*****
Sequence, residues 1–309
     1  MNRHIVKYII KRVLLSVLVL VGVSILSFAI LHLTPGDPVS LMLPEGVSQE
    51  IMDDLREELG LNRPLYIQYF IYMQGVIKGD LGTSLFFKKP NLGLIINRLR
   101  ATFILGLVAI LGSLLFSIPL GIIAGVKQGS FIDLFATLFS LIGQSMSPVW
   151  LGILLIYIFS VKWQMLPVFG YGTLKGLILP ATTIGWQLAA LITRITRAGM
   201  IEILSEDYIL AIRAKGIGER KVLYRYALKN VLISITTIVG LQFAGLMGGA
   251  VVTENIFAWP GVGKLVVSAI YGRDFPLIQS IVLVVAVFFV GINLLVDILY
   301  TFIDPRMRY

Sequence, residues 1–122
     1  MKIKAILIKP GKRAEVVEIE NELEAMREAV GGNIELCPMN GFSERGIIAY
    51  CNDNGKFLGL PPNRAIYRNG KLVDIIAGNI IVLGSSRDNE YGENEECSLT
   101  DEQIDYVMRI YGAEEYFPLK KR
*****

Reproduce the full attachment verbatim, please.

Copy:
Sequence, residues 1–309
     1  MNRHIVKYII KRVLLSVLVL VGVSILSFAI LHLTPGDPVS LMLPEGVSQE
    51  IMDDLREELG LNRPLYIQYF IYMQGVIKGD LGTSLFFKKP NLGLIINRLR
   101  ATFILGLVAI LGSLLFSIPL GIIAGVKQGS FIDLFATLFS LIGQSMSPVW
   151  LGILLIYIFS VKWQMLPVFG YGTLKGLILP ATTIGWQLAA LITRITRAGM
   201  IEILSEDYIL AIRAKGIGER KVLYRYALKN VLISITTIVG LQFAGLMGGA
   251  VVTENIFAWP GVGKLVVSAI YGRDFPLIQS IVLVVAVFFV GINLLVDILY
   301  TFIDPRMRY

Sequence, residues 1–122
     1  MKIKAILIKP GKRAEVVEIE NELEAMREAV GGNIELCPMN GFSERGIIAY
    51  CNDNGKFLGL PPNRAIYRNG KLVDIIAGNI IVLGSSRDNE YGENEECSLT
   101  DEQIDYVMRI YGAEEYFPLK KR